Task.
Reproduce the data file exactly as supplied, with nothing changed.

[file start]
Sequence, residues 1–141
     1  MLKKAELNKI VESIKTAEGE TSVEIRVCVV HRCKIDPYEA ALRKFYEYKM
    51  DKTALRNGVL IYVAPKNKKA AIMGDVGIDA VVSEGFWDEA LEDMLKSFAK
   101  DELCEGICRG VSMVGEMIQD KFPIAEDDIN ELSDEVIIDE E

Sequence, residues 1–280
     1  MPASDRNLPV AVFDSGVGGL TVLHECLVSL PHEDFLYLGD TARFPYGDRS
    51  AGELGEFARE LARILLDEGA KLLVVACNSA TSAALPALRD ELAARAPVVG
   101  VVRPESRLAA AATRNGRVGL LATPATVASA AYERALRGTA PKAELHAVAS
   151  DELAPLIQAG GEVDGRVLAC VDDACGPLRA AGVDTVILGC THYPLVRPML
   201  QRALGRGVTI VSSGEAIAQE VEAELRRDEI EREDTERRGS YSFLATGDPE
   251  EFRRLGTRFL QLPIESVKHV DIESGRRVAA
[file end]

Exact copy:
Sequence, residues 1–141
     1  MLKKAELNKI VESIKTAEGE TSVEIRVCVV HRCKIDPYEA ALRKFYEYKM
    51  DKTALRNGVL IYVAPKNKKA AIMGDVGIDA VVSEGFWDEA LEDMLKSFAK
   101  DELCEGICRG VSMVGEMIQD KFPIAEDDIN ELSDEVIIDE E

Sequence, residues 1–280
     1  MPASDRNLPV AVFDSGVGGL TVLHECLVSL PHEDFLYLGD TARFPYGDRS
    51  AGELGEFARE LARILLDEGA KLLVVACNSA TSAALPALRD ELAARAPVVG
   101  VVRPESRLAA AATRNGRVGL LATPATVASA AYERALRGTA PKAELHAVAS
   151  DELAPLIQAG GEVDGRVLAC VDDACGPLRA AGVDTVILGC THYPLVRPML
   201  QRALGRGVTI VSSGEAIAQE VEAELRRDEI EREDTERRGS YSFLATGDPE
   251  EFRRLGTRFL QLPIESVKHV DIESGRRVAA